Yeah, I think if you look at inflation-hedged assets, I mean, you can think about that from a risk-spectrum perspective as well, right? On a very low end of risk, you have inflation-linked bonds as Freddy said, and Gold is definitely a protective asset. Both, versus inflation also as well as market volatility. But I'm [00:06:00] also on the riskier side. You have natural resources, upstream companies, emerging market equities, which are more leveraged to these natural resources sectors. So there's a whole spectrum of, I guess, assets that would benefit or at least protect us against inflation. But I think it's also important to kind of think about, what is the inflation that we're talking about? Are we talking about a transitory higher-inflation environment where we're seeing consistently maybe over the next 1 or 2 years, 2% to 3% growth in terms of inflation, or are we talking about a hyperinflationary environment? I don't think we're talking about a hyperinflationary environment here. So also, it's important to think about when you say, hedge against inflation, how much hedging you need?
Philipp | 06:46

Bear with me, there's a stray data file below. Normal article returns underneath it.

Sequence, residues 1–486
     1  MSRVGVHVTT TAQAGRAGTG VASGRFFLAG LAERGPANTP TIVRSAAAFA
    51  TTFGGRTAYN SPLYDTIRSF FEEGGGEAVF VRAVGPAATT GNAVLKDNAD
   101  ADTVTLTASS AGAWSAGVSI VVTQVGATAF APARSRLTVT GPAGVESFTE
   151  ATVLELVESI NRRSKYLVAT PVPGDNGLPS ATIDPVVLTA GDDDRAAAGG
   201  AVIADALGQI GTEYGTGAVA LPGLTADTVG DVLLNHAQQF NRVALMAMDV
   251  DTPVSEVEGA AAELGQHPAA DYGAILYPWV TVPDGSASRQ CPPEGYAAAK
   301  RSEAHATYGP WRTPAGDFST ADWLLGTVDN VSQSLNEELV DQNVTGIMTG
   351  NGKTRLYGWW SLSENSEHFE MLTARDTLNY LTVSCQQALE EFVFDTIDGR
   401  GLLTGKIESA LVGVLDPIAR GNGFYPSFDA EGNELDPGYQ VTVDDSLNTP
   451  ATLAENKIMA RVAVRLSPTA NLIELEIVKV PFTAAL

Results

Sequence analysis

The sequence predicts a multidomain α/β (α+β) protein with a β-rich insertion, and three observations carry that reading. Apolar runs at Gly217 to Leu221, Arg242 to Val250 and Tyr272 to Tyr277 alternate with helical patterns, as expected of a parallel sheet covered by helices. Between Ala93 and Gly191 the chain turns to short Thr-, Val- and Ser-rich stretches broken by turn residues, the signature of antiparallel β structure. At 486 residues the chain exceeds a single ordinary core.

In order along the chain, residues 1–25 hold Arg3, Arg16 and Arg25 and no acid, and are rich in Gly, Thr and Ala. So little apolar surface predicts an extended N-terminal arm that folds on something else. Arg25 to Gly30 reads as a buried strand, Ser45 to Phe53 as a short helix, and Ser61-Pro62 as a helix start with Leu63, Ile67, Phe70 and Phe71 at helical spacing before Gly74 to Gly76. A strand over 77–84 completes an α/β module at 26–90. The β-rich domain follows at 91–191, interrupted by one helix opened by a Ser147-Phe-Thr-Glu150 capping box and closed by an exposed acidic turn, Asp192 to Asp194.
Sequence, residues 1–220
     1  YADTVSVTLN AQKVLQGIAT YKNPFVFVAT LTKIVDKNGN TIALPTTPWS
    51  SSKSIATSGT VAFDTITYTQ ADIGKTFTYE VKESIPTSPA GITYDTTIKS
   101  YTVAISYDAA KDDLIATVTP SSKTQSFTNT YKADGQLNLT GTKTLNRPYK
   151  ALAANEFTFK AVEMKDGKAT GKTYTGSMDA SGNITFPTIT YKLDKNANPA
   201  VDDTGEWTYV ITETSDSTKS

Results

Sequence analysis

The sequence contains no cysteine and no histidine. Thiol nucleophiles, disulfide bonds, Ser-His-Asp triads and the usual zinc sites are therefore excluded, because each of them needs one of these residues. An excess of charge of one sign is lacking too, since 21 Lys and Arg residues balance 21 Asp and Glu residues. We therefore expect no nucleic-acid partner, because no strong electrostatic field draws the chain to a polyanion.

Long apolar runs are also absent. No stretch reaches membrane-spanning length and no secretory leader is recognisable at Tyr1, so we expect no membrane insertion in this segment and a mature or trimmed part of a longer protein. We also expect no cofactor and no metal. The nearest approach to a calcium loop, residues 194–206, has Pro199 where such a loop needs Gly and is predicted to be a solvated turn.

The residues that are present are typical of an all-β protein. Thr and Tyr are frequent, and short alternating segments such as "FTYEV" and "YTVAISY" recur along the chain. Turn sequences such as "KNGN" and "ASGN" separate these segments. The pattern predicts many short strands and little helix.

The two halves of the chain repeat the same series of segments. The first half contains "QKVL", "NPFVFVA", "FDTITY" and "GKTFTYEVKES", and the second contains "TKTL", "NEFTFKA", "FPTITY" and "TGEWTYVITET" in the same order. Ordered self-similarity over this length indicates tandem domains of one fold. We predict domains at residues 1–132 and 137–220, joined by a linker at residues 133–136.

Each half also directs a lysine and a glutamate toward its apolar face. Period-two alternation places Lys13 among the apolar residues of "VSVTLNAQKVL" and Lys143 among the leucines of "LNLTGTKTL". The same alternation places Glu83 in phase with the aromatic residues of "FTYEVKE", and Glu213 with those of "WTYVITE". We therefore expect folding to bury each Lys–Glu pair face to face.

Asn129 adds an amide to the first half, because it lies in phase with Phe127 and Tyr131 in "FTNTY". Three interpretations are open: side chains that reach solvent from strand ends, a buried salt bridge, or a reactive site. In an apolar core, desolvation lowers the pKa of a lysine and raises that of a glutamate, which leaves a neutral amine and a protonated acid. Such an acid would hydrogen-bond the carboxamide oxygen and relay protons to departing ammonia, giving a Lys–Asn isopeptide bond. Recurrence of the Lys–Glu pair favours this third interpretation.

Yeah, great answer, thanks guys. With that being said, if you have any questions following up from today's market commentary, as always, feel free to send those to us to firstname.lastname@example.org. Or you can also put them in the comments section below the video. We also have quite a few webinars coming up. So bear with me here for a second. But they're all very, very interesting. So if you want to learn a little bit about practicing mental and financial self-care, especially doing these COVID times with everyone being at home and mental health and financial health go hand-in-hand together, there's a webinar for the Singapore audience on the 7th of July. It runs from 7pm to 8pm, it's called Practicing Mental and Financial Self Care. And you can join Michele Ferrario, who's our CEO and co-founder, as well as Benjamin Low, he's a mental health partner of &Sons and Clinical Psychologist of Psych Connect. And they'll discuss how the pandemic has impacted mental health, how to manage mental health and financial stress, how to prioritise your finances in uncertain times, and really how to get help for any mental health issues. So it's really, really important, a great topic. So if you want to join, the links are in the [00:08:00] show notes below, but you can always find any of our webinars on our website as well. We also have another webinar happening in Hong Kong. It's called StashAway Hong Kong - Ask Me Anything. So if you have any kind of questions about StashAway, how we invest, how the app works, what we do - feel free to ask away. That's on the 30th of June, 1pm local time. And again, we hope to see as many as possible of you at any of these webinars. They are all very educational and I'm sure you're going to walk away with learning something. With that being said Freddy, Stephanie, thank you so much for being with us again today. And for everyone else, have a great rest of the week. Look forward to speaking with you all again soon.